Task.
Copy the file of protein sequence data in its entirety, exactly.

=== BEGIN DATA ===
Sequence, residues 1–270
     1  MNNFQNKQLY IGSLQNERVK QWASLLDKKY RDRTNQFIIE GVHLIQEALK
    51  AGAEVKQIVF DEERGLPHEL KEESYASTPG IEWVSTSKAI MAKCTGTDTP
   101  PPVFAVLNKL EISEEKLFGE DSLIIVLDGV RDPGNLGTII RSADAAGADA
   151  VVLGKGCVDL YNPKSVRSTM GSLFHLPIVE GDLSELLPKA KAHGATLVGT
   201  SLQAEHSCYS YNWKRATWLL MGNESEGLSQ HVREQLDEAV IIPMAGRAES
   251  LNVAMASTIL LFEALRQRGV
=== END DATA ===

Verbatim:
Sequence, residues 1–270
     1  MNNFQNKQLY IGSLQNERVK QWASLLDKKY RDRTNQFIIE GVHLIQEALK
    51  AGAEVKQIVF DEERGLPHEL KEESYASTPG IEWVSTSKAI MAKCTGTDTP
   101  PPVFAVLNKL EISEEKLFGE DSLIIVLDGV RDPGNLGTII RSADAAGADA
   151  VVLGKGCVDL YNPKSVRSTM GSLFHLPIVE GDLSELLPKA KAHGATLVGT
   201  SLQAEHSCYS YNWKRATWLL MGNESEGLSQ HVREQLDEAV IIPMAGRAES
   251  LNVAMASTIL LFEALRQRGV